Competition for public office is an essential feature of democracy but having many candidates competing for the same position might lead to voter confusion and be counterproductive. In current democracies, ballot access regulations limit citizens' right to become candidates, seeking to balance this trade-off by discouraging frivolous contenders. This paper examines the causal effect of signature requirements -- a widespread ballot access regulation -- and finds that their impact goes beyond this goal. I use data on Italian local elections and apply a regression discontinuity (RD) design to estimate the effects of these requirements on electoral competition, candidates' selection, and voter participation. I find that signature requirements reduce the number of candidates running for office, decrease electoral competition, lead to a more experienced pool of candidates, and reduce voter turnout. The positive effects of this policy are observed in municipalities with fragmented political systems, where signature requirements lead to fewer wasted votes and fewer spoiler candidates. The downside is observed in municipalities with concentrated councils: signature requirements increase the frequency of uncontested races and reduce voter participation. Findings reveal how this barrier to entry impacts key dimensions of democracy and indicate that designing efficient electoral institutions requires a clear understanding of local political contexts.
"Using Centralized Assignment to Evaluate Entrepreneurship and Life-Skills Training Programs in Argentina" (with Diego Ubfal), 2018.
We implemented a centralized assignment mechanism (random serial dictatorship) to fill seats for a set of training courses offered by the government of Buenos Aires in schools across the city. The mechanism generates a seat assignment that is random conditional on people's preferences over schools. We exploit the fact that we know these preferences and the assignment rule to analytically compute individuals' propensity scores (i.e., their probability of obtaining a seat). We then use propensity score stratification to evaluate the short-term impact of two of the courses (an entrepreneurship course and a life-skills course). This strategy leads to important sample size gains relative to full preference stratification, allowing us to fully exploit the random variation in treatment assignment. Using survey-based information collected three months after the courses, we find positive effects on course-related knowledge for both programs. Entrepreneurship training helps participants start a business from an initial idea, leading to increased business ownership and self-employment. Life-skills training leads to higher job-search rates. There are no significant effects on soft skills.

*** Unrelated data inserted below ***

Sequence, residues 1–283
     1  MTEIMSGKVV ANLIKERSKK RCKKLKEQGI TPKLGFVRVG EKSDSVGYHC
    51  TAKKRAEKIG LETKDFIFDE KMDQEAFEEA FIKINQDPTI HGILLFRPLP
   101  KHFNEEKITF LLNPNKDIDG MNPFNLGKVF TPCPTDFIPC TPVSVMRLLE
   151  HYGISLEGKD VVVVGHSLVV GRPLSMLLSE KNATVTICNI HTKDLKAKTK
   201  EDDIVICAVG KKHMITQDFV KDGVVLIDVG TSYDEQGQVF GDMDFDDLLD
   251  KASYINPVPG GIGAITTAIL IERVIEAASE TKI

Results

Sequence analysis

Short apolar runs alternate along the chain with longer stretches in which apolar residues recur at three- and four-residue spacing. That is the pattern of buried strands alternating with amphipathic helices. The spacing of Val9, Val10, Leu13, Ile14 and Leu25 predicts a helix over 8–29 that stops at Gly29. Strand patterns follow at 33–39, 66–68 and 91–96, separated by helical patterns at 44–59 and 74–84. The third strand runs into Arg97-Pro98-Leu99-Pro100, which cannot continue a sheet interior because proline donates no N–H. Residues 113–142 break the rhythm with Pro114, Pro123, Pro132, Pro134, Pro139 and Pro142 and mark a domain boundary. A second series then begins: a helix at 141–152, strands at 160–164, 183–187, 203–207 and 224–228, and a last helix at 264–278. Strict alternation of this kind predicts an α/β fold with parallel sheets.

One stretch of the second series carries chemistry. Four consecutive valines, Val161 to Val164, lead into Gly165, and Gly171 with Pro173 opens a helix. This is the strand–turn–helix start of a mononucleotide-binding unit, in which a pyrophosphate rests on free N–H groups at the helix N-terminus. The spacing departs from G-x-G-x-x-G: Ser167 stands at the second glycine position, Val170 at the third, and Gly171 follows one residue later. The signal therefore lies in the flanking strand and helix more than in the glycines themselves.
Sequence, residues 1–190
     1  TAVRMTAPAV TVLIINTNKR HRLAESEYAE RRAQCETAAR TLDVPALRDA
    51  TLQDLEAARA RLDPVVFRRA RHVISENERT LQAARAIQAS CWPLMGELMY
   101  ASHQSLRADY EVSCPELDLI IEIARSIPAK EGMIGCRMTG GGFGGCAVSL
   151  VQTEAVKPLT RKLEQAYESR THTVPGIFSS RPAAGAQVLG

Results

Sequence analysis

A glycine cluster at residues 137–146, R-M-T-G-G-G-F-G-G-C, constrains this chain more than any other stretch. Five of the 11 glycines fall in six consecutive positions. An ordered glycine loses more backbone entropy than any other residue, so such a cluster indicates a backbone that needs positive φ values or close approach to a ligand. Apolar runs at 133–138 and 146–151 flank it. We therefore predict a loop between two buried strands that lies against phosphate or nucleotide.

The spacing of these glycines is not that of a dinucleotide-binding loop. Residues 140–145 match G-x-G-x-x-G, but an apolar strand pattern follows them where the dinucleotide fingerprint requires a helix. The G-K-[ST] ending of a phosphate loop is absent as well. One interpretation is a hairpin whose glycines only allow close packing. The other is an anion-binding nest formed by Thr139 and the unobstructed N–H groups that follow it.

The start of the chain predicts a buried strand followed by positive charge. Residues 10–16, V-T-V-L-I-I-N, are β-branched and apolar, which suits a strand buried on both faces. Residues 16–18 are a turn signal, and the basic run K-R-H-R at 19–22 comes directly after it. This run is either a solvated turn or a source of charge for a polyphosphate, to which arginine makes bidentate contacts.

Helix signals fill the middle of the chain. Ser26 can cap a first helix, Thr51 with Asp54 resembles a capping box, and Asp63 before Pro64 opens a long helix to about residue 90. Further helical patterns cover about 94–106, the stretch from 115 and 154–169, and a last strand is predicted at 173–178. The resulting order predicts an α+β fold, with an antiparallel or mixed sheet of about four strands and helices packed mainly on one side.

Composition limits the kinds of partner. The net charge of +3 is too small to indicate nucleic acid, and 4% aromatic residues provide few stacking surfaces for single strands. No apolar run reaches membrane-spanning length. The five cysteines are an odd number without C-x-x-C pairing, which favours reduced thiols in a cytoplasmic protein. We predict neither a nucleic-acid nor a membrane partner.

Work in Progress
"Do Women Compete like Men? Evidence from the Track" (with Samuel Berlinski).
We use information on middle-distance races to obtain insights on how men and women compete in gender-segregated, high-stakes settings. We document important differences in competitive behavior across genders and examine the empirical validity of different theories by estimating a model of behavior in tournaments with interim-feedback.
"Paying Politicians: A Semi-Structural Approach".
I examine how the wage paid to politicians affects citizens' decision to participate in politics and their performance in office. I estimate a political agency model to retrieve unobservable characteristics of the political environment, such as the quality of politicians and the proportion of office-motivated and intrinsic-motivated candidates. I fit the model using data on administrative efficiency in two samples of Italian municipalities on each side of an arbitrary population threshold established by law to determine a jump in mayors’ remuneration. Results show that higher wages improve candidates’ managerial ability but reduce their public service motivation. Relative to the existing empirical literature on the topic, the semi-structural approach in this paper serves to better quantify and disentangle the different mechanisms at play, providing a stronger link to the theoretical literature.
"Seeds and Roots of Prejudice: Lessons from Contemporary Africa" (with Alexsandros Cavgias).
We provide original descriptive evidence on the correlates of prejudice towards homosexuals in the African continent. We document a negative and significant relationship between material conditions and sexual prejudice. We also find a non-monotonic relationship between education and prejudice: relative to the population with no formal education, people with completed primary education display higher rates of prejudice. On the contrary, post-secondary education is associated to lower levels of prejudice. We finally test the hypothesis that exposure to Christian missions increased individual-level prejudice toward homosexuals in contemporary Africa. We find evidence against this hypothesis: exposure to missionary activity at the village level has no significant relationship with individual level prejudice toward homosexuals.